Front Page Titles (by Subject) An Intercepted Letter 1 - The Clarke Papers. Selections from the Papers of William Clarke, vol. 3
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An Intercepted Letter 1 - Sir William Clarke, The Clarke Papers. Selections from the Papers of William Clarke, vol. 3 
The Clarke Papers. Selections from the Papers of William Clarke, Secretary to the Council of the Army, 1647-1649, and to General Monck and the Commanders of the Army in Scotland, 1651-1660, ed. C.H. Firth (London: Longmans, Green, and Co., 1899). 4 vols.
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An Intercepted Letter1
f. 16.Another squadron of the great fleete is gone. The Randezvous is to bee at Barbadoes. The designe is secrett, knowne to the designer onely, whoe saith if hee thought his shirt knew it hee would burne it, and yet as seacrett as it is, possibly hee may not know God’s designe therein, though he may his owne intencion. My thoughts are God’s workeing wilbee beyond his invencion, for I doe much enclyne to beleive they may bee eminently usefull, it may be in destroying some notable obstruction, and of greate advantage to the Jewes (waite but a while and you shall see the salvacion of God come to Israell). The present effect is startling to all nacious round about, all in a waiteing frame where this cloud will light, and its a head of encouragement to some weake or suffering Christianes, not knowing but it may prove there releife. Such is the provission for warre, the multitude and magnitude of mortar peices and cannons, as never the like went out of England, and is to the amasement of the greate prisoners in the Tower whoe have the advantage of seeing and wondering onely.
As to the army they are a travaileing wombe, still many throwes towards a birth which cannot be accomplished without the man-mid-wife, whoe is as hee sayth willing (though at the present not at leisure), butt when the sylent [sic] Parliament hath runne out its tyme, it may be the opportunity will be, and the delivering tyme come. The Parliament at present verry busy about herresy, what it is, and to enumerate them. They have putt one Biddle in prison for denying the Holy Ghost to be God in order to his tryall, and if they should hang him they would not chainge his mind, though I thinke it bee a verry daingerous one, and thus in tyme theire tyme will have an end, with what publicke workes donne by them records will beare them testimony, for I cannott.
Colonel Okey by some greate ones in the army was accused for treason, butt by the pole of 2 more for him then against him hee was acquitted.
The army presented these particulers to his Highnes.
1. That liberty of conscience be allowed, but not to papistry in publicke worshipp.
2. That tythes be taken away.
3. That a law be made for the righting persons wronged for liberty of conscience.
4. That the lawes of the Nacion be regulated.
5. That all prisoners whoe are able to pay their debts and will not may be compelled.
6. That the poore be sett on worke.
7. That Articles be made good to those whoe have beene in actuall armes against the State.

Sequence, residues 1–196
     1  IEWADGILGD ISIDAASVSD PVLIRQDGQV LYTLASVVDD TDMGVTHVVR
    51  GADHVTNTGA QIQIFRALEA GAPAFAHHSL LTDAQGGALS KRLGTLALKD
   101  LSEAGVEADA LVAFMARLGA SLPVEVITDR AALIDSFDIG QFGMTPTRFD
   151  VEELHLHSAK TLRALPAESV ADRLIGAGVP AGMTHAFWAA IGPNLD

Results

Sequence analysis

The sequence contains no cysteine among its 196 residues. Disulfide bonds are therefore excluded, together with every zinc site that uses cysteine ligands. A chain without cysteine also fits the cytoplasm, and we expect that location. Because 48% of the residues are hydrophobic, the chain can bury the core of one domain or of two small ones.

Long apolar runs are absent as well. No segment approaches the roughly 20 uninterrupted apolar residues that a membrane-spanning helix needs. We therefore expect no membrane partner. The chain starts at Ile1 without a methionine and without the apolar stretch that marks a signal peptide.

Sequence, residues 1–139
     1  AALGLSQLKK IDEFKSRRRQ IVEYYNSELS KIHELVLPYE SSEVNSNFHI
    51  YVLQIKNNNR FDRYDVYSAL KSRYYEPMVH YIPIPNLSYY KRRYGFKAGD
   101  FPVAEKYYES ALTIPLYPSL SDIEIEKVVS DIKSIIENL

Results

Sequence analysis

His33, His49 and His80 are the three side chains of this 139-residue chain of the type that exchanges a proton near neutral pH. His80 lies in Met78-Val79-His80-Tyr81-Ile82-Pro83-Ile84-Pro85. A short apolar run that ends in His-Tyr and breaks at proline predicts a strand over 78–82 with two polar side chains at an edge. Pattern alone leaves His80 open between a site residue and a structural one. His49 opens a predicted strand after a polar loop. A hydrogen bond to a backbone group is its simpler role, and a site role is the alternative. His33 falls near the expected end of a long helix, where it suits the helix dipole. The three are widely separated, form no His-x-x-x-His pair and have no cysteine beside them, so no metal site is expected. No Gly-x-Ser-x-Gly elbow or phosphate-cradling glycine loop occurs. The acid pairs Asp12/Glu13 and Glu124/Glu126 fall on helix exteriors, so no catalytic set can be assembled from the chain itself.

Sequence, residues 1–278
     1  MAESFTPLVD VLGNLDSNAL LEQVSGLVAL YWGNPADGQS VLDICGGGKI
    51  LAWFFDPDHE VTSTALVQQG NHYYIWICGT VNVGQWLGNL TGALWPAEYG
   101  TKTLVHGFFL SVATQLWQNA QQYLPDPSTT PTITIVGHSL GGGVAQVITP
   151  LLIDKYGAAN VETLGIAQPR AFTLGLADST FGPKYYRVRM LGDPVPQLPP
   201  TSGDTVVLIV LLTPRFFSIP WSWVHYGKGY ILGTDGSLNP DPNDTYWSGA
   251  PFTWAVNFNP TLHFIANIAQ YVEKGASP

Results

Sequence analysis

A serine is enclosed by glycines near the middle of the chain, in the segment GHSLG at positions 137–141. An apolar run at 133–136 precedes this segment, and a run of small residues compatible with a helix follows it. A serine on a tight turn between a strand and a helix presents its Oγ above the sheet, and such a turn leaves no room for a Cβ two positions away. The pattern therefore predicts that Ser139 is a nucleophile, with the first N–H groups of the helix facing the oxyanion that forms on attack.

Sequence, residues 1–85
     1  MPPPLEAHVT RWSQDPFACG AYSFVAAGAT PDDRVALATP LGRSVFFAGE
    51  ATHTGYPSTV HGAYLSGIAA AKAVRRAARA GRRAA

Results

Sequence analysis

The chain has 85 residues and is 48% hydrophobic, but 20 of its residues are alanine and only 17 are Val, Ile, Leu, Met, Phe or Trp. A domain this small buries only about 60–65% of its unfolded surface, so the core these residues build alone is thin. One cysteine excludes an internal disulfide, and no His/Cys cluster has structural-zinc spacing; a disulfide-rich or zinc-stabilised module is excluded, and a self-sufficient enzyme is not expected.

8. That all just debts of the Nacion be sattisfyed, whether money or goods lent upon publicke fayth, or just debts for service donne. An ould lesson not yett learnt, repetitions are good.
Mr. John Sympson is now come to London, and hath I heare taken of the prejudice which some friends had of him; hee was at (Allhallowes yesterday, and opened Psalm 102; 19, 20, 21. Hee declared his sufferings for Christ, that it was in declareing against the sinnes of men, and though hee was accused for treason, yett hee never spake against any man but it was from the law of God or of the land, and therefore was not guiltye. He gave reasons why hee obeyed the order of banishment. Because liberty is desyreable, and hee might be useful (and hath beene) in the countrey. And why then did hee breake the Order? Because of reports by many was that hee desired to be banished from the Citty, and had noe mynd to come to his Church, and that it was given out from the Court that hee might come to London if he would, whereupon hee thought himselfe noe further engaged, but was bound to show his readyness to serve Christ and his Church, though he ventured his life in it. I rejoyce to heare of some striveings of heart among you. The Lord encrease it, continue it, and answeare it. In [?] Bristow I have heard was a high spirritt of exspectacion of God’s powreing out his Spirritt, which now they judge is answered in the generacion of the Quackers, and multitudes there are taken heerewith, and the eminent in profession of grace too. I write this by way of caution, the Lord helpe us to be watchfull and faythfull to the end.
Your Freind &c.
London, 19o. December. Mr. Feakes book is published entituled Defyance to the Father of Lyes.
[1 ]This letter and the following, both derived from vol. xxvii. of the Clarke MSS., were addressed to one of the officers arrested in Scotland for the plot known as ‘Overton’s Plot,’ and were probably found on one of the prisoners. Probably Mr. Oates was the person to whom they were written. (See Scotland and the Protectorate, p. 240.)